Something I’ve observed is that theatre makers make great theatre audiences. We love to be inspired, we love to be challenged, we love to feel that sense of fraternity and community, and so actors, writers, directors, producers, stage-managers, technicians… pretty much anyone involved in the industry will spend their hard-earned pennies saving up for theatre-tickets and attending productions. To me, widening that net seems as simple as widening the community and welcoming people into the fraternity. The sense of snobbery surrounding what constitutes a “worthy actor” or a “worthy production” only serves to perpetuate a divide between the theatre community that is and the theatre community that might be. The more people we offer the opportunity to become part of the theatre world, the more they will grow in it and explore it for themselves, the more our community and culture grows. With opportunities for young, potential actors being stripped by lack of funding it’s never been more vital that those of us in the industry encourage and applaud any effort or to engage people in the arts.
And so we return to my experience in my latest production. I saw people in this team who, in a different life of different choices, could have been successful professional actors; I directed cast-members who had a more professional attitude and work-ethic than some of the pro’s I’ve worked with; I saw a passion for, and devotion to, the project that put to shame a lot of the attitudes I’ve been guilty of having in the past. I’m not suggesting that they were as good as those with a professional level of training, and the performance was never going to be quite as slick as if the same production had been done by full-time, highly-experienced actors, but this was a group of people I found myself proud of, and incredibly proud to work alongside. They brought the piece up to a highly polished, professional standard, and each one of them felt that they were, even for a brief time, part of the theatre world.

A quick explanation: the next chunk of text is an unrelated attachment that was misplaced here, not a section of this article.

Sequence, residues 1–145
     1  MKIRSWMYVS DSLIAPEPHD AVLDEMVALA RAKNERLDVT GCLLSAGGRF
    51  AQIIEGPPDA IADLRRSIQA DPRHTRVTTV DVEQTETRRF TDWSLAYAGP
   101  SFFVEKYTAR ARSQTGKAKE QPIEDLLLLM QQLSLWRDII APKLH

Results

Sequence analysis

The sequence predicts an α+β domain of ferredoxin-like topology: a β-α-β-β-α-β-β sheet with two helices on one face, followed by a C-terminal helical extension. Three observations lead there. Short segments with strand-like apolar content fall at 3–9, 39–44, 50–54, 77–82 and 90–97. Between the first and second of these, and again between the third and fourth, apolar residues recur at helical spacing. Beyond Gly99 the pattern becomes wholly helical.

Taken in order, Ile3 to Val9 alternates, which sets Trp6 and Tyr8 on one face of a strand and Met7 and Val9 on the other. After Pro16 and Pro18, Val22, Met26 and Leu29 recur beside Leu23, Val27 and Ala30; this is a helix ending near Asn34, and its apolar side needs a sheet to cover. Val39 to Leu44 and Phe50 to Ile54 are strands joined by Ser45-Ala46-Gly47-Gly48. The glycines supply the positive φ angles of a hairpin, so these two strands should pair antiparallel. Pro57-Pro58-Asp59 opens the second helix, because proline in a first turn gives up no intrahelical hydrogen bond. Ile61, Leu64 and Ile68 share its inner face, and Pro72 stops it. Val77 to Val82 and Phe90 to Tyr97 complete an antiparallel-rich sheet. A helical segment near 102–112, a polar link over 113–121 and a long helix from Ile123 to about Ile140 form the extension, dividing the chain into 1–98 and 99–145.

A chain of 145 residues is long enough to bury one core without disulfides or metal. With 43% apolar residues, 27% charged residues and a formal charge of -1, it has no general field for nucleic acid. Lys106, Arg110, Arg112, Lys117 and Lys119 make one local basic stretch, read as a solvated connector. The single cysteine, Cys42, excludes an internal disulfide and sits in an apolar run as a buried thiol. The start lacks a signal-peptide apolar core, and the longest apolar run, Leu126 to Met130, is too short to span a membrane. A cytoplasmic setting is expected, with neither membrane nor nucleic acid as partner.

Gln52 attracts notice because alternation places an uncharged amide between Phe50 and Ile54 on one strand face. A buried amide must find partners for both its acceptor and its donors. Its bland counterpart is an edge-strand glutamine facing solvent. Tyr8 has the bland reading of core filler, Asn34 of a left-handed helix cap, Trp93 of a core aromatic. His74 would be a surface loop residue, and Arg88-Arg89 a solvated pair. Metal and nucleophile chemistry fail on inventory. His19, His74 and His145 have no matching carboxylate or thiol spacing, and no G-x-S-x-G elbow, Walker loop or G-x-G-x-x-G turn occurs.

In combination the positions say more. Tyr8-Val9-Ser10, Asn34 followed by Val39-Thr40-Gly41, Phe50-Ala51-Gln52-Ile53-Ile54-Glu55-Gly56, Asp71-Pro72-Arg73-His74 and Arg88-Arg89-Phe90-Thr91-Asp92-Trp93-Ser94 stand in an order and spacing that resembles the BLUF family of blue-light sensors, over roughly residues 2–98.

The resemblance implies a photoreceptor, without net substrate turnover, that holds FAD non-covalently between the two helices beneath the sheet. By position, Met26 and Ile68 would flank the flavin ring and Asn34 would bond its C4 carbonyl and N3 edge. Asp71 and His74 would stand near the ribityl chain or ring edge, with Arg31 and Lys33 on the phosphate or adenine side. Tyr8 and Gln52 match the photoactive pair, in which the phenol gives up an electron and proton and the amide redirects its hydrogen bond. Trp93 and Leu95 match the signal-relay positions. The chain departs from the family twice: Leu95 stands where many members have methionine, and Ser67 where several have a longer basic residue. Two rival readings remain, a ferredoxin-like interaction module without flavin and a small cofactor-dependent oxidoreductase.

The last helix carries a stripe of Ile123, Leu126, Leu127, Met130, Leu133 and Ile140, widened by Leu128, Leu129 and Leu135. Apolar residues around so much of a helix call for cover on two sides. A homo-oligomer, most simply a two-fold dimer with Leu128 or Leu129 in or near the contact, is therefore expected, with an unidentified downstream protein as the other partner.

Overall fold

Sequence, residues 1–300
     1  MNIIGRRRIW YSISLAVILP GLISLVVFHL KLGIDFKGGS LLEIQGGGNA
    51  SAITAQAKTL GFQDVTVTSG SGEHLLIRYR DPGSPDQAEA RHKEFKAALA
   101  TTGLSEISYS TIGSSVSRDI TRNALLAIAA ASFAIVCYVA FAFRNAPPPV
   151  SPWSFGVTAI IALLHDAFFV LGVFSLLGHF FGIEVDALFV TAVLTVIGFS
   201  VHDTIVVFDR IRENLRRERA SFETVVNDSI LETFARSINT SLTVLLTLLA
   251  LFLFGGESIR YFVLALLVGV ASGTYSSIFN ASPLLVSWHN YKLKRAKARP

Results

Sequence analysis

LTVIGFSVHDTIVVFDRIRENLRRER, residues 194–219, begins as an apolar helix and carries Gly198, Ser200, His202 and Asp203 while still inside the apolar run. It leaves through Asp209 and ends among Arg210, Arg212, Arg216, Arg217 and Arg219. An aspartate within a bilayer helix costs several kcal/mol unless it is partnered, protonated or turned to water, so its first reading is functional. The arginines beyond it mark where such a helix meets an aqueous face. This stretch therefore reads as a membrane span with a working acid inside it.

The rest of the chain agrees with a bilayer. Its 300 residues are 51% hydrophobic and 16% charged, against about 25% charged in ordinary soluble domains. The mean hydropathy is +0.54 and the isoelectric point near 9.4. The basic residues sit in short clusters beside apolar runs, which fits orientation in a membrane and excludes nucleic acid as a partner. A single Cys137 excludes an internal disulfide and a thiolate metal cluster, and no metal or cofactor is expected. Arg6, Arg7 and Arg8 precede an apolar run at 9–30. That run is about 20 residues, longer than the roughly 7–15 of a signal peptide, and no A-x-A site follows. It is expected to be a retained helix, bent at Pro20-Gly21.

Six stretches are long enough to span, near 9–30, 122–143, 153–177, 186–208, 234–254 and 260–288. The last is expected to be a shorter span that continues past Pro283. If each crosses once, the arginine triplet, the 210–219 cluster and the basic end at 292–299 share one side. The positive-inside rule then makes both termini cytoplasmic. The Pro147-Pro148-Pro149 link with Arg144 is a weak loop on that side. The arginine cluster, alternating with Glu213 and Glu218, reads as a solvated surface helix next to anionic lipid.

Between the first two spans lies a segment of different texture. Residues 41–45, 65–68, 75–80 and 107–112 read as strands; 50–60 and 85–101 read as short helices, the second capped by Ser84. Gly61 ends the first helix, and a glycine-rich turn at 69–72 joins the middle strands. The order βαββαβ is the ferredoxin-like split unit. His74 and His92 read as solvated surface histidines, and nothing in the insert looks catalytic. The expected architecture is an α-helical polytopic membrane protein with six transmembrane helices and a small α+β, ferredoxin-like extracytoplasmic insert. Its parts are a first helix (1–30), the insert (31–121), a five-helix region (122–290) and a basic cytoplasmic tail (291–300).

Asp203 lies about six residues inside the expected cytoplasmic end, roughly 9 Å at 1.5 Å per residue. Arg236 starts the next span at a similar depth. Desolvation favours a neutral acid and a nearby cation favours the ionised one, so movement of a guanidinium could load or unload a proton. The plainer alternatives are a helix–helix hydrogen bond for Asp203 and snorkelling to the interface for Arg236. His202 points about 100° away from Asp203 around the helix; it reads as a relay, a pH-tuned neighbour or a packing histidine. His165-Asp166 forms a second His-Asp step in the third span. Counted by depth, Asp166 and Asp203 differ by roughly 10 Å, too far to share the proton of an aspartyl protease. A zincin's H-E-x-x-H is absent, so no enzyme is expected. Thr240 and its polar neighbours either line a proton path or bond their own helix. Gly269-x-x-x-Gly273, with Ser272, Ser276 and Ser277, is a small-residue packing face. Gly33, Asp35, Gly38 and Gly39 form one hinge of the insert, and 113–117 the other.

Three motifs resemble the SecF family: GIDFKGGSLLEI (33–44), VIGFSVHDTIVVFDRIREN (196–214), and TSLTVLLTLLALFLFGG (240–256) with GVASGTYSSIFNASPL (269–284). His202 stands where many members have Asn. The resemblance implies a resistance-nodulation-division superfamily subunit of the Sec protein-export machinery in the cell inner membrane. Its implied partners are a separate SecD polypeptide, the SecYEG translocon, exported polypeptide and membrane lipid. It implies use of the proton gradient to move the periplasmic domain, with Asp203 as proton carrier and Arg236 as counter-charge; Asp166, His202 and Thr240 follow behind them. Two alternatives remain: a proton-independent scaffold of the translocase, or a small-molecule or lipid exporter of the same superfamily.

I actively encourage any of my colleagues out there to seize any opportunity you can to get involved in your local am-dram between paid jobs. Not only will you keep your hand in and make new friends, but you can be instrumental in raising the standard, your experience and expertise will be invaluable to every company in the country, and you can be a mentor and talent-spotter for the next generation. Above all, you can bring more people into the world you love, and given that you’ve most likely dedicated most of your life to it, you clearly think it’s a worthwhile one to join.